His All-Holiness Ecumenical Patriarch Bartholomew, speaking at the Halki Summit III in Istanbul, reflected that all of us are called to serve as priests of God’s creation. The summit held on 1-3 June, 2019 convened distinguished representatives of Orthodox theological schools and seminaries from all over the world, and focused on the theme of “Theological Formation and Ecological Awareness.” Some 50 delegates from over 40 institutions were in attendance.
In a keynote address on 1 June, the Ecumenical Patriarch said that, in light of the ecological crisis, the gathering provides a platform for conversation and promotes an atmosphere of dialogue to discern and foster changes in attitudes and lifestyles.
“Even recently, United Nations scientists once again warned the world about the unparalleled deterioration of our ecosystems, the unprecedented degradation of our rainforests, and the unalterable destruction of our coral reefs,” said the head of the Ecumenical Patriarchate. “Moreover, all of these predicaments are unquestionably and irreversibly generated by human growth and greed.”
The Ecumenical Patriarch pointed out that, as early as 1989, people were first becoming aware of the challenge of climate change and pollution. “Permit us to propose that the reason for such hesitation and hindrance may lie in the fact that we are unwilling to accept personal responsibility and demonstrate personal sacrifice,” he said. “We have failed to grasp how integrally we are interconnected with the rest of God’s creation, how responsible we are for the protection of our planet, and how critical our choices and actions are for the sustainability of our children’s future.”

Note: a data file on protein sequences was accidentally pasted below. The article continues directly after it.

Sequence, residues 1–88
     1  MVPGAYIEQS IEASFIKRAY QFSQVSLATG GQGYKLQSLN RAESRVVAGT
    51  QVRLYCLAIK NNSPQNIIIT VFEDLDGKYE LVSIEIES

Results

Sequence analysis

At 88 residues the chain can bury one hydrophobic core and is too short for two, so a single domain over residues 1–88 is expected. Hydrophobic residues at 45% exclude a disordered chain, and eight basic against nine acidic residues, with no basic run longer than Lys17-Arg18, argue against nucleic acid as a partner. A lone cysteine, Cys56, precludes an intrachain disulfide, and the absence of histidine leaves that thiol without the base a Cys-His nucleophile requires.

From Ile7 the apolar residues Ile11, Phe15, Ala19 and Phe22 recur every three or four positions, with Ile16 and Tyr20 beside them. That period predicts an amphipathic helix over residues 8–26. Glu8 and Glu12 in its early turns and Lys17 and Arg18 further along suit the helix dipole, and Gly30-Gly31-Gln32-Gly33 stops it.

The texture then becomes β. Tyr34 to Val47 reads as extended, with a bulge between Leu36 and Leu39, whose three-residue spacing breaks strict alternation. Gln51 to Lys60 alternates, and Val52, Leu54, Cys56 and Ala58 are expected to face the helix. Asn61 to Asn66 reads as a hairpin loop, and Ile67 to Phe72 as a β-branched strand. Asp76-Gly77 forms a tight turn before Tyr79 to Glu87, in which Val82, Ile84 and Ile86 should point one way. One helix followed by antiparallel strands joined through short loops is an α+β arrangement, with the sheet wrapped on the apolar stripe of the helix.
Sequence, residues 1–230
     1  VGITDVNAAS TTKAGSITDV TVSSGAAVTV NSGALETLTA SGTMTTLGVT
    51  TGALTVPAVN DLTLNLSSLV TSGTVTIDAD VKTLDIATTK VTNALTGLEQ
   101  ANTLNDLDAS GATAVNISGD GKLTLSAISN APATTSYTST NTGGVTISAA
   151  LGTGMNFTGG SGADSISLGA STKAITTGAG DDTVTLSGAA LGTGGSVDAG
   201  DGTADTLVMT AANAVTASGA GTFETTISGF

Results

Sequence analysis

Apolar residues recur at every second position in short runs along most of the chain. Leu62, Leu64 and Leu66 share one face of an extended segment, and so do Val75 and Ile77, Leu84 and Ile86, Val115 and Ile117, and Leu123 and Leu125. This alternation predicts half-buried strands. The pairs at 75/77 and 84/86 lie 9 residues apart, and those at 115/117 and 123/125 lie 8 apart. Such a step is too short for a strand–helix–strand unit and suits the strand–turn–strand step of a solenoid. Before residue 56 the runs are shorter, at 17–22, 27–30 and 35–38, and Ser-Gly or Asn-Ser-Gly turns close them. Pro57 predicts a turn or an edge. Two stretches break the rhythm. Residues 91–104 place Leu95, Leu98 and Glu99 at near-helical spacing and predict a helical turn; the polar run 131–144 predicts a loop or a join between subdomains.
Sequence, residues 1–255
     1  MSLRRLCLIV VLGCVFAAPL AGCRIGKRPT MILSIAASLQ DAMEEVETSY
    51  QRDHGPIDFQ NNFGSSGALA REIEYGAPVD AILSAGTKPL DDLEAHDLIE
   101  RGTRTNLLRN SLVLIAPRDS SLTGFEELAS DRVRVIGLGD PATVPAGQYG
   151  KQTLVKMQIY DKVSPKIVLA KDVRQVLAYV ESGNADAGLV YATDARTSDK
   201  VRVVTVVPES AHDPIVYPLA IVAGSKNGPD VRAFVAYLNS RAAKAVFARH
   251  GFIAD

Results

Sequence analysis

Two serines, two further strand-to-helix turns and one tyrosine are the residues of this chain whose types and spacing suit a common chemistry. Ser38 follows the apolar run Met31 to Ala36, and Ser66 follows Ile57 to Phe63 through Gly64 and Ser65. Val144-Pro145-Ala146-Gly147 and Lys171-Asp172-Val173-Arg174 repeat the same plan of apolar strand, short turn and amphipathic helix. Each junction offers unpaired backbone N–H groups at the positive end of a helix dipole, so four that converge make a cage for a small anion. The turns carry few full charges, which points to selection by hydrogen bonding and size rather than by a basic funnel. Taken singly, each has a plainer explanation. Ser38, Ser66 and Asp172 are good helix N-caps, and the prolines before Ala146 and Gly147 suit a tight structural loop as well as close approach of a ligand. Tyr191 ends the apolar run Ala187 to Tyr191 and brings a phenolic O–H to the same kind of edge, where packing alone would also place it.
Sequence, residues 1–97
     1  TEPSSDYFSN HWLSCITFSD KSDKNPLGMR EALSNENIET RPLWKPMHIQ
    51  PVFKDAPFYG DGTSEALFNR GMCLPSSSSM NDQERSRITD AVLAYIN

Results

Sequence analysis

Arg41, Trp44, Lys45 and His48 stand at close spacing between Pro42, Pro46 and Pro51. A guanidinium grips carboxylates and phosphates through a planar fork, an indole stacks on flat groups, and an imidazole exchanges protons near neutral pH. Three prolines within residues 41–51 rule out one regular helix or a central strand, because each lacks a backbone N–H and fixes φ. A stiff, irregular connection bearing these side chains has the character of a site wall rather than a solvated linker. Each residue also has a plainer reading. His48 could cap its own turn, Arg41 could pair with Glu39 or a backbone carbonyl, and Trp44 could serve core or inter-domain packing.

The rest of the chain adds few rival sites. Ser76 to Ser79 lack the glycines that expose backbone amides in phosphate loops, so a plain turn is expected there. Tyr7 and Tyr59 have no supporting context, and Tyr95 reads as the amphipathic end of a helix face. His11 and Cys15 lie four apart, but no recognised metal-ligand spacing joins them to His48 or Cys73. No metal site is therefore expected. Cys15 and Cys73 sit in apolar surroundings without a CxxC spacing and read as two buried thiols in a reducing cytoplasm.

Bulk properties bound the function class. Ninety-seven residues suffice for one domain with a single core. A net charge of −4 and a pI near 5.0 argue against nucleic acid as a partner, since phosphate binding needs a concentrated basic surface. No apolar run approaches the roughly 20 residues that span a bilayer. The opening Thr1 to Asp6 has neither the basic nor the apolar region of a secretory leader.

Theological schools and religious seminaries are the appropriate setting and venue for sowing the necessary seeds to educate and motivate aspiring parish clergy and community leaders, continued the Ecumenical Patriarch.
“We may all agree that churches and religions have a fundamental responsibility and role to play in advancing ecological learning and advocating climate justice,” he said. “Therefore, theological schools and seminaries should be at the forefront of this effort as well.”
We are called to receive the diversity of God’s gifts in a spirit of thanksgiving and offer them back to God, he concluded. “And if all believers are members of a chosen race and the royal priesthood in Christ, then all of us are called to serve as priests of God’s creation,” he said. “In this respect, we must acknowledge the importance of our schools and seminaries in the sacred process of molding ministers and producing pastors, who are sensitive and attuned to the presence of God in every detail of the universe.”